By Rochelle Davis, Healthy Schools Campaign President + CEO
This past July, I was asked to speak to the Institute of Medicine (IOM) as part of its Roundtable on Obesity Solutions and share our experience working closely with Chicago Public Schools (CPS) to improve the school food and fitness environment and how local, state and federal policy influences that work.
Our work is based on the simple, common sense notion that healthy students are better learners and that health and wellness should be incorporated into every aspect of the school experience. Much of our work in recent years has focused on addressing childhood obesity by promoting healthy food and physical activity in schools. While much of our work is Chicago based, we understand the important role that state and federal policies can play in shaping what happens in schools. So, I was pleased to be asked to share my thoughts on the interplay between state and federal policies in this local work.
One of the aspects that I focused on was the effort in Chicago to promote physical education. Illinois was the first state to require daily physical education, but a lax waiver policy allowed CPS to not offer PE during 11th and 12th grade for more than a decade. Advocates, led by the American Heart Association, worked to tighten up the waiver system, placing limits on the number of times a school district can receive a waiver. HSC worked in communities across Chicago by organizing parents as well as working with district officials and other stakeholders to gain support for a new district-wide PE policy. In January 2014, CPS passed a PE policy requiring high quality daily PE for all students. While there is still much work to be done, last fall 80,000 CPS 11th and 12th graders had PE for the first time in more than 10 years.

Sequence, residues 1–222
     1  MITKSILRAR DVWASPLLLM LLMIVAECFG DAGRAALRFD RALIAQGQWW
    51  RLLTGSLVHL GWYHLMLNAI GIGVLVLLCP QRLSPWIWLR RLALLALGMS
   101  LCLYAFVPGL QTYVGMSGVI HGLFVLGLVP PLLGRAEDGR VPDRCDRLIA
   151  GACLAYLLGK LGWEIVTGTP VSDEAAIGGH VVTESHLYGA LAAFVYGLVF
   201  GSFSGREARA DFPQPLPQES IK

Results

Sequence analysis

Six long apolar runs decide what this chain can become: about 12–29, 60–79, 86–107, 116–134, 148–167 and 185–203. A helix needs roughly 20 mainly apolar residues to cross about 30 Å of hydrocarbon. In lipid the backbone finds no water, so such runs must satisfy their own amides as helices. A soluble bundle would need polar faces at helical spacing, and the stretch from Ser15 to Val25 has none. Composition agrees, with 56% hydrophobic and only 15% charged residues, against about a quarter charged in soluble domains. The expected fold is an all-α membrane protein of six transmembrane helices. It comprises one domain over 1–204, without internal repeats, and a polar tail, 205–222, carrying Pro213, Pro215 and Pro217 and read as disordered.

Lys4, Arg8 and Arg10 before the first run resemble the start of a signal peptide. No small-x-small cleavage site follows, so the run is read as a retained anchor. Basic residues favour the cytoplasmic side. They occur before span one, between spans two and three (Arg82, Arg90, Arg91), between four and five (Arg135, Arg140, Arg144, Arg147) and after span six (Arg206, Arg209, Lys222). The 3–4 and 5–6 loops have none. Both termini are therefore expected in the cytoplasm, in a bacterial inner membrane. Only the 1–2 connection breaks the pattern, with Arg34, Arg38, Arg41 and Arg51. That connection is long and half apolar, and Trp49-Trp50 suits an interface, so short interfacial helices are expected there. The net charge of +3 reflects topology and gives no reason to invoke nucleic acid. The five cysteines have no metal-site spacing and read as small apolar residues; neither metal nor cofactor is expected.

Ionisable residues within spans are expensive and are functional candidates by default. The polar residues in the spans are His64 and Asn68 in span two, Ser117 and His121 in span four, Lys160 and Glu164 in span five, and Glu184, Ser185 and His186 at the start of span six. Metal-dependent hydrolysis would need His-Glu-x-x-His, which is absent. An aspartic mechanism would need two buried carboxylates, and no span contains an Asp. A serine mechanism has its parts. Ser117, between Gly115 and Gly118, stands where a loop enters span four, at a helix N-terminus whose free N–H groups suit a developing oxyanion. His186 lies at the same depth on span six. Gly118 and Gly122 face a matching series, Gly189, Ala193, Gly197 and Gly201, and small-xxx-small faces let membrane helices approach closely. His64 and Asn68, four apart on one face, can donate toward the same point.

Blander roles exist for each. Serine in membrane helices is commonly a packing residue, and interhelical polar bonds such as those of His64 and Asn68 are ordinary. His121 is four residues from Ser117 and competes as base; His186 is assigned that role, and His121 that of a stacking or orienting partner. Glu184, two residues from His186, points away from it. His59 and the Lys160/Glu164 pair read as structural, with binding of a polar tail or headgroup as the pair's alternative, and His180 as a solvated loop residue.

Clearly, state policy played an important role in CPS’ adoption of the district policy. Our situation in Illinois, in terms of state policy, is better than in most other states. Illinois state policy requires daily PE while 25 percent of states do not mandate PE at all. Most of these state policies do not require a specific instructional time. In fact, only three states—Montana, West Virginia and Utah—require the nationally recommended 30 minutes per day. And, like in Illinois, more than half of the states allow exemptions, waivers and/or substitutions.
On a national level, the U.S. Senate version of the Elementary and Secondary Education Act makes PE a core subject. While the practical implications of this are not clear, it does put PE on more equal footing with other core subjects such as math and English.
I was thankful for the opportunity to speak at the IOM roundtable, and Healthy Schools Campaign looks forward to additional discussions with both public health advocates and educators to figure out how schools can create the conditions to support student health and combat the obesity epidemic.